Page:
Once you work for one of these centers it is easy to transfer to another location, get a pay raise after teaching for a year or more, and even go into administration with the company. Some EFL teachers choose to turn this into a full blown career, which can include benefits such as health insurance, paid leave, plane tickets etc.
Go ahead and explore the above websites and if you still have questions please leave a comment so others can benefit from the answers and comment as well. Teaching English abroad can be an amazing experience that allows you to travel, learn about other cultures, meet other like-minded individuals and even save up a lot of money.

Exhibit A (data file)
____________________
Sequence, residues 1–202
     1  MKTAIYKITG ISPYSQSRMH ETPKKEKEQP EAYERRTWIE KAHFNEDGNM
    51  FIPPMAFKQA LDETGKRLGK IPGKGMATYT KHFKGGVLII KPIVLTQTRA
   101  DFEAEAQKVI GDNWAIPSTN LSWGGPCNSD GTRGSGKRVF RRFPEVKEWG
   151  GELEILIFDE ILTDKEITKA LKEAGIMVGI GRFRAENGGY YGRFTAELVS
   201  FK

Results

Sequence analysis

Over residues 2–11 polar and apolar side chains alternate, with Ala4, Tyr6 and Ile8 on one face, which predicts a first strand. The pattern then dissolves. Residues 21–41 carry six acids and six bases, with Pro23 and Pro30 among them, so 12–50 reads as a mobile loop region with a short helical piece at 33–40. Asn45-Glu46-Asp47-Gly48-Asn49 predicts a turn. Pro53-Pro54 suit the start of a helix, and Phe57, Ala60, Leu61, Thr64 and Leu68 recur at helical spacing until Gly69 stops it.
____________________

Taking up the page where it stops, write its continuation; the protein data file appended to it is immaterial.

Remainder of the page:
Vietnam is one of the best places to teach EFL as the country is obsessed with learning English and willing to pay a lot of money in order to learn from native speakers.
For them, being fluent in English can be even more valuable than having a University degree as they can get jobs working for foreign companies and generally benefit from being able to communicate with foreigners. It is also a sign of status and education to be able to speak English well.
If you’re thinking about taking the plunge and going abroad to teach English, I can only say that it was the best decision I ever made and if I hadn’t taken the risk back in 2007 to leave the U.S. for the uncertain future of living in Vietnam, I would not be who I am today.
After ten years of living in Vietnam, being married to a local, and speaking the language fluently, I say to anyone who isn’t sure about whether or not to come over here and try teaching English to GO FOR IT!
You can always go home if it isn’t what you expected. But in my experience, almost NO ONE regrets the decision to move to Vietnam.
Stay tuned for the next article on teaching at International Schools in Vietnam.